The Boom and Bust strategy is closely but not absolutely tied to the notion of the franchise player. In one sense it's just arithmetic: a superstar can himself absorb 15% of a team's total cap dollars himself (as Favre does in Green Bay). It's hard to get quality elsewhere without creating significant cap overhang if you're paying that much to a franchise player. In a more fundamental sense, since the team is in part structured around the franchise player anyway, the team is going to take a big performance hit when the franchise player declines in ability. Unless you're very good or very lucky another franchise type isn't going to step right in. Therefore, the team has a strong imperative to succeed while the franchise player is in his prime, and since the team is going to decline anyway when he's gone, why not take a cap bath at the same time? Is 4-12 or worse really all that inferior to 8-8?
This strategy also requires a higher degree of attention to cap management: the team does have to stay under the cap while spending significantly more on personnel than the cap level, and then, over an indefinite number of years, manage the cap overhang and still keep the core and skilled players acquired. Past practice has been to renegotiate high core player salaries into bonuses and turn current cap issues into cap overhang issues.
The Colts recently seem to have done this one better with the Marvin Harrison contract. This is a seven-year contract worth $67 million with $23 million of "guaranteed money". As is typical the contract extends beyond any reasonable estimate of Harrison's life as a high value player (he's now 32). The more novel feature of the contract is that the guaranteed money consists of a relatively modest signing bonus, $6 million, and then bonuses of $7 million and $10 million in 2005 and 2006. These are unusually large and extended future guaranteed bonuses. The contract accomplishes a number of things for the Colts. First, Harrison's cap number for the current season is actually reduced, allowing more flexibility to extend other players during the upcoming offseason (remember the Harrison extension was signed in December). Furthermore, the future-year bonuses "get around" the time limits for bonus amortization. Had Harrison signed for a $23 million bonus up front, the whole bonus would immediately start counting against the salary cap (amortized of course over the lesser of the contract length or league limitation on such things). Now, $7 million doesn't start being amortized until next year and another $10 million the following. (I think I've got this right: that's what the Players contract seems to say, but like all contracts it's a bit convoluted.)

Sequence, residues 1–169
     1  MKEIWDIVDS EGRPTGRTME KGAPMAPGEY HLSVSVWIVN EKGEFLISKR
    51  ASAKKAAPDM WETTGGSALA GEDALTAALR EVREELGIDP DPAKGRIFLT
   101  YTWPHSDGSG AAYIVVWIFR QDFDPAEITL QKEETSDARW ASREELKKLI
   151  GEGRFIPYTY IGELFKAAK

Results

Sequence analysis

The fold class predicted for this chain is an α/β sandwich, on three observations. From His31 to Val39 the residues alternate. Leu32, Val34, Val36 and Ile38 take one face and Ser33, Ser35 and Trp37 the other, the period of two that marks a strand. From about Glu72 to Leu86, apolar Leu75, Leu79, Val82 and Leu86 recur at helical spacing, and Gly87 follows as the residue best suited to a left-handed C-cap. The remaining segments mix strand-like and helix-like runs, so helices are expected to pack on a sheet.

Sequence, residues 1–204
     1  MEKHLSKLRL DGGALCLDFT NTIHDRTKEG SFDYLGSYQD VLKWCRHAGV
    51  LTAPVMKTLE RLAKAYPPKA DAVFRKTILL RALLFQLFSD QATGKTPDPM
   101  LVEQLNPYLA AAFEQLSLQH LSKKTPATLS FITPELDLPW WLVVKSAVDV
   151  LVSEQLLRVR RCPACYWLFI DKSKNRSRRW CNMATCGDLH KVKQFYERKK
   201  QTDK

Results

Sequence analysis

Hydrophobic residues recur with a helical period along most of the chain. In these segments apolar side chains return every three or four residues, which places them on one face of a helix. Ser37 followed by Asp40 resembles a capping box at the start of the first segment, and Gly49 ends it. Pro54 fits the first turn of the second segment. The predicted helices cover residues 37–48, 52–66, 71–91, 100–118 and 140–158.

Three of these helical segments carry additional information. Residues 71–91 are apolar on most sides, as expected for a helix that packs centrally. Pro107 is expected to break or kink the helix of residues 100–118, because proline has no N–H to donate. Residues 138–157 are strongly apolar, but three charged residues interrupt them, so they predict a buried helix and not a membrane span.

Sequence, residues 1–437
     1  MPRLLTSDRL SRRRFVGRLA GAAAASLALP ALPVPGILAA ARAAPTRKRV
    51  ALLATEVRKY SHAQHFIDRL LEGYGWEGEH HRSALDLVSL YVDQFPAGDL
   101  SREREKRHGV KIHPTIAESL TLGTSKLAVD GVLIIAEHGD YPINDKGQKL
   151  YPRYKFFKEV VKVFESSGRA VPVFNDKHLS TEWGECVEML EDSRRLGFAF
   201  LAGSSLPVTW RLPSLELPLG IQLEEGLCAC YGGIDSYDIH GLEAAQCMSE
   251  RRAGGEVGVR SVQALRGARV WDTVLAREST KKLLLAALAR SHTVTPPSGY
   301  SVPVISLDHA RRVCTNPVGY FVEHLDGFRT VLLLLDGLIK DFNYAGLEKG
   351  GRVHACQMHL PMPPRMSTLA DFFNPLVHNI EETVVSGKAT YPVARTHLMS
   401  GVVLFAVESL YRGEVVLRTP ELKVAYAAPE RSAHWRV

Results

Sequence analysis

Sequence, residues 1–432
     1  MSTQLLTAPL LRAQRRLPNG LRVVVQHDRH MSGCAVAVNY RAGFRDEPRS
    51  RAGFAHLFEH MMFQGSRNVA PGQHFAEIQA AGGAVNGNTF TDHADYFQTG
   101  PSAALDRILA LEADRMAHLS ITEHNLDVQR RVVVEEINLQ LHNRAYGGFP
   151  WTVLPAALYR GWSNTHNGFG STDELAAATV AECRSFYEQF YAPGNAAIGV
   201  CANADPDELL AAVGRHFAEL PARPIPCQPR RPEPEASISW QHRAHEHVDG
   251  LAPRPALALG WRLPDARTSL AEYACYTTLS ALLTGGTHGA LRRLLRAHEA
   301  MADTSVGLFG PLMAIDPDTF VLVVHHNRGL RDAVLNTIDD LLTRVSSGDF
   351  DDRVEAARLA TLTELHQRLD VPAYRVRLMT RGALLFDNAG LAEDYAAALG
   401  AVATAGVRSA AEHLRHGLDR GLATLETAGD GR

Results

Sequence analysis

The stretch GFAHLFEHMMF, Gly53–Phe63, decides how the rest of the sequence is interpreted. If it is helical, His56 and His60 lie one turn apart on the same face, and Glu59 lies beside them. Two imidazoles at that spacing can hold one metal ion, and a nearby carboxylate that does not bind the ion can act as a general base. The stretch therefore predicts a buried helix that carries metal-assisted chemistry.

In effect, the Colts have renegotiated Harrison's contract up front. Of course this gives them more cap room in 2005 and 2006 than if they had given the signing bonus up front. But what advantage does it give them over simply renegotiating other contracts to obtain that same room? First of all, if a player's agent is doing his job, any player restructuring his contract to suit the team's convenience will get some extra pay. Second, it's possible there may not be enough restructuring available to accomplish want the team wants to do. In any case, it takes a lot of time that might be usefully spent doing more constructive work, and it gives Indy somewhat better options in terms of taking a cap bath (i.e. going below the salary cap for one or more years to clear out dead money).
At some point Indy has to make a decision that their current run is over. Then their tactics should switch from trying to defer cap hits to trying to accelerate cap hits. Make the cap bath as big and short in time as possible so as to start reloading for a second run with Manning. Harrison's contract gives the Colts the option of taking almost the entire Harrison overhang hit in a single year (say, 2006). Of course, performance occurs on the field, and Indy now faces hard decisions as to whether the current crew with possible additions can get them to the promised land soon. Their maneuvers with Harrison no doubt give them more operating room than would otherwise be the case, but is it enough?
Either of these strategies requires the GM (presumably in collaboration with the head coach) to aggressively take their fate in their own hands rather than let problems come to them. An example of this latter failure is, I think, the recent Packers. They've certainly performed well in the regular season though they've had serious playoff problems. They've had some bad outcomes with free agents (Joe Johnson) and draft choices (Reynolds) that have cost a good deal in salary cap. But some of the worst mistakes have come from the fact that they have often had little in the way of alternatives to replace second rung players (Hunt, KBG, and Diggs, for example) and were forced to match other offers. I don't know this could actually be thought of as a stratagy, but I call this pattern of behavior "Circle the Wagons." (These mistakes presumably didn't occur because of miscommunication between the Coach and GM, since they have been one and the same, but you never know.) They face a similar choice this year with Wahle and Rivera. Here's betting the new GM will make the decision to let these guys go to the market.
What I've provided here is some logic that has to underlie rational thinking about how to use a fixed budget to achieve results. Obviously good cap management doesn't overcome bad coaching and bad player selection. If I had to bet which skill mattered more, I'd probably put cap management as last among these three, but still maybe 25 percent, and of course all of this is properly linked together in an overall package.
The logic I've outlined is mostly an adaptation of fundamental economic theory, not something I've just thought up; I've simply applied it to team management issues. Obviously there may be some errors in my application, and I may exaggerate the importance of these issues. And I've often inferred results rather than explaining logic in detail. (Hopefully grist for interesting discussion.) But, I have to offer that I began thinking about this a couple of years ago, and the team that best follows this logic is the New England Patriots. I don't think I'm jumping on the bandwagon here; the logic can't be changed to suit the vagaries of season outcomes. By the way, in case you didn't notice, Bill Belichick has a degree in economics.
IN TWO WEEKS, PART THREE: Responding to some of the issues from the comments on parts one and two, and breaking down a team's salary budget by position.
Bruce Stram has a PhD in economics from the University of Maryland, was an executive for a major U.S. corporation for a number of years, and now works in business development. He's been a Packer fan since birth in Green Bay, where his mother rocked his cradle while whispering of the long ago glory days of Vince Lombardi. Bruce can be reached at Bruce_Stram@sbcglobal.net. If you have an idea for a guest column, something that analyzes the NFL from a distinctive point of view, please email us at email@example.com.